Can Trader Joe’s continue thriving without delivery and curbside pickup?

Discussion
Photo: Getty Images/BCFC
Sep 21, 2020
Tom Ryan

Trader Joe’s, with no e-commerce presence or curbside pickup, missed the pandemic-driven e-grocery surge and doesn’t seem to mind.

The limited-assortment grocer is also experiencing challenges because its smaller stores are harder to reconfigure for social distancing. Long lines outside locations have appeared over the last few months.

Placer.ai found monthly visits to Trader Joe’s were down 44.4 percent in April, 24.6 percent in May, 12.1 percent in June and three percent in July. However, August turned positive, up 1.0 percent, the first positive month since February.

“Amazingly, it’s done so while other brands who’ve struggled — like Whole Foods — remain down,” wrote Ethan Chernofsky, VP marketing at Placer.ai, in a blog entry.

Trader Joe’s ended a test of delivery in New York City in early 2019 because it wanted to keep product costs down. The grocer also doesn’t use third-party deliverers, such as Instacart.

On an “Inside Trader Joe’s” online episode from April 20, Matt Sloan, VP of marketing, acknowledged that the chain has received requests to add such omnichannel offerings during the pandemic but has chosen to invest in staff.

“Creating an online shopping system for curbside pickup or the infrastructure for delivery, it’s a massive undertaking. It’s something that takes months or years to plan, build and implement and it requires tremendous resources,” he said. “Well, at Trader Joe’s, the reality is that over the last couple of decades we’ve invested those resources in our people rather than build an infrastructure that eliminates the need for people.”

Tara Miller, Trader Joe’s marketing director, added that offerings from outside delivery companies and curbside pickup by other grocers “don’t always translate into positive results.”

The only other major grocer RetailWire found not offering delivery or curbside pickup was Grocery Outlet, the close-out grocer.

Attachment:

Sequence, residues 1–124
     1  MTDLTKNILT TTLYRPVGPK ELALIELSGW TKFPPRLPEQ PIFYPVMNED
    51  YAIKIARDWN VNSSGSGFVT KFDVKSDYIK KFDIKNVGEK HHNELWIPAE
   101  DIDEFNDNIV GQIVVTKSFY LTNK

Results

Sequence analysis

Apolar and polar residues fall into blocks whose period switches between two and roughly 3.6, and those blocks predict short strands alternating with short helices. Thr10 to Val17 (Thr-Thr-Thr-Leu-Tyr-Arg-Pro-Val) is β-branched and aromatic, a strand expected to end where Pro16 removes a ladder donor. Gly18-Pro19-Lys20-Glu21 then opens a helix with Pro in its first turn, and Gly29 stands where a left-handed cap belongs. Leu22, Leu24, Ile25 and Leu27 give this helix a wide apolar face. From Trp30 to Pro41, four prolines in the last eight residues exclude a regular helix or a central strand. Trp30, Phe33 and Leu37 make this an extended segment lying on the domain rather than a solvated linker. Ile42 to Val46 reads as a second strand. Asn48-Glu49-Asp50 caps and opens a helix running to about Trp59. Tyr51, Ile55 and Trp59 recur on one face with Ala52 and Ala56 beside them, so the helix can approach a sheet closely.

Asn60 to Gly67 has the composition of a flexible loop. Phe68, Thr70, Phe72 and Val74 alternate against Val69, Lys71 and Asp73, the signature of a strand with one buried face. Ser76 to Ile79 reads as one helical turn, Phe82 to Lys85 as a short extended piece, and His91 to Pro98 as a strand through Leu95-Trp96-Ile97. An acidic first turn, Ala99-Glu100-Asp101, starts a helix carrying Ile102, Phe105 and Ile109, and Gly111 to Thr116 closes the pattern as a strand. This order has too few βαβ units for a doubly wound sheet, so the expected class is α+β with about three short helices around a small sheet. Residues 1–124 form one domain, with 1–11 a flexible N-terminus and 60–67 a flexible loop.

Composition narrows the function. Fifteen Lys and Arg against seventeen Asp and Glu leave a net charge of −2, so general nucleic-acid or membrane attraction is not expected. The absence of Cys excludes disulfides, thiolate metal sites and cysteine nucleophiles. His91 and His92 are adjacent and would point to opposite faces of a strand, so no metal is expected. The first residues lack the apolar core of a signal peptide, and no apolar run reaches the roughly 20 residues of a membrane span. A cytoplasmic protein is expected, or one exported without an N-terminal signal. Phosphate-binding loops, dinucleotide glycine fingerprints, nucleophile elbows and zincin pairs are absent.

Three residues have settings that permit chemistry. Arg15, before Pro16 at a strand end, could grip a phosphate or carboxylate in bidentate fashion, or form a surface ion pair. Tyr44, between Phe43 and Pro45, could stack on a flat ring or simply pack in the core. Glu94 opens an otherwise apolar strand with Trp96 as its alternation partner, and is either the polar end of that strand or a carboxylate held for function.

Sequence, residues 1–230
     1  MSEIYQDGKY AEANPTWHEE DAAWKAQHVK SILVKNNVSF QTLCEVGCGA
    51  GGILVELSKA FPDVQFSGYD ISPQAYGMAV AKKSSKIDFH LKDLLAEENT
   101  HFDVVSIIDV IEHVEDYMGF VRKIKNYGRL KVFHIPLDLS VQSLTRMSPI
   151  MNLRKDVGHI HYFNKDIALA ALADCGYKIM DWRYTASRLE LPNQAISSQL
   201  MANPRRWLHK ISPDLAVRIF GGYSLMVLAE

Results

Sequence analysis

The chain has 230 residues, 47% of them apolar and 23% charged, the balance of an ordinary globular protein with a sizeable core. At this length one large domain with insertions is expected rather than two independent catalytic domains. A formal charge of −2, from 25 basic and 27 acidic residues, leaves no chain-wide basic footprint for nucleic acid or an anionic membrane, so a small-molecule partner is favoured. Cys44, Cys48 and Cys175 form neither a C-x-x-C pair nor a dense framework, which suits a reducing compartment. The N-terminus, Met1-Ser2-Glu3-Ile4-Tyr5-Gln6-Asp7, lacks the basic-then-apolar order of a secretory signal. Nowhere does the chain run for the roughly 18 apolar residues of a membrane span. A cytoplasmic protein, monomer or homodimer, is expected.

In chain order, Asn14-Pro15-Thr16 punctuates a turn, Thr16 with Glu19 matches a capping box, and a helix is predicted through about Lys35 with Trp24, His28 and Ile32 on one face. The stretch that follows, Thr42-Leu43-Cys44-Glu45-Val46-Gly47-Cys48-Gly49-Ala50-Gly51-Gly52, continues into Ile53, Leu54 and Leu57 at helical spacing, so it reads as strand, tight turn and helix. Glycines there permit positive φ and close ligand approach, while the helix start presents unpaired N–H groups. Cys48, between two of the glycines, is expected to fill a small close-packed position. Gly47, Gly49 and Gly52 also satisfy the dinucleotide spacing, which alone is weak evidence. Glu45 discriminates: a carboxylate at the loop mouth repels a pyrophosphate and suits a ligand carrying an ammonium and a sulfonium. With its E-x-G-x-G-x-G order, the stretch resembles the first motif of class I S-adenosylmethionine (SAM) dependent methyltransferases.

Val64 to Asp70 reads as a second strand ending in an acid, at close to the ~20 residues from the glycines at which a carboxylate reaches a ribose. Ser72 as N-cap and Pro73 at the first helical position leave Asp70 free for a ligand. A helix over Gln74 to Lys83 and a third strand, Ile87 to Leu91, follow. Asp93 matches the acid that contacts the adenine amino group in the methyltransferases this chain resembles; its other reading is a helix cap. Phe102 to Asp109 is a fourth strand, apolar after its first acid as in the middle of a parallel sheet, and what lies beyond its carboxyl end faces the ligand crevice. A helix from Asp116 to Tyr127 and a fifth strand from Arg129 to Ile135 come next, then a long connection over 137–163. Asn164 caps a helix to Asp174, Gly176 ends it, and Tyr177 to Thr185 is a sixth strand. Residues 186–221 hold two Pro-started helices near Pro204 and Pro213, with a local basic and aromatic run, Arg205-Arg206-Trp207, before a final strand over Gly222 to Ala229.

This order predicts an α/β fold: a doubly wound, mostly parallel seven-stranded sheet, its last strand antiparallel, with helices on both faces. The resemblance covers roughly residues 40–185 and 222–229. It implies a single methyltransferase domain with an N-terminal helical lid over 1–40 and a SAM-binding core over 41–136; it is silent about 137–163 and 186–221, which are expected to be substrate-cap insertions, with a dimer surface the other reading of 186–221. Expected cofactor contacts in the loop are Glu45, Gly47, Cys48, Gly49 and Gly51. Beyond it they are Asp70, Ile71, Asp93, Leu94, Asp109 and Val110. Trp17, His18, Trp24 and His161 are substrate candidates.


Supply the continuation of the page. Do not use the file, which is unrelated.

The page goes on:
RJ Sheedy, president, on a recent quarterly call said that growth potential with physical stores and challenges replicating the in-store experience is keeping Grocery Outlet from selling online. He said, “Ultimately, our customers enjoy the in-store WOW! shopping experience, the treasure hunt, the value, the personal engagement.”

DISCUSSION QUESTIONS: Should Trader Joe’s reevaluate its decision regarding delivery and/or curbside pickup if the pandemic persists or is it making the right decision to not offer these services? Does Trader Joe’s focus on the quality of its store personnel justify its decision?

Please practice The RetailWire Golden Rule when submitting your comments.
Braintrust
"It’s not broken. Don’t try to fix it. Trader Joe’s relies on its loyal customer base, which doesn’t seem to have disappeared. Don’t mess with success."
"Trader Joe’s is applying one of Sam Walton’s directives: swim upstream. When everyone is going in one direction look for opportunities upstream."
"Trader Joe’s is in denial. A long-term aversion to ecommerce simply is not practical in today’s economy."

Join the Discussion!

27 Comments on "Can Trader Joe’s continue thriving without delivery and curbside pickup?"


Sort by:   newest | oldest | most voted
David Naumann
BrainTrust
David Naumann
CEO and President, Cogent Creative Consulting
2 months 9 days ago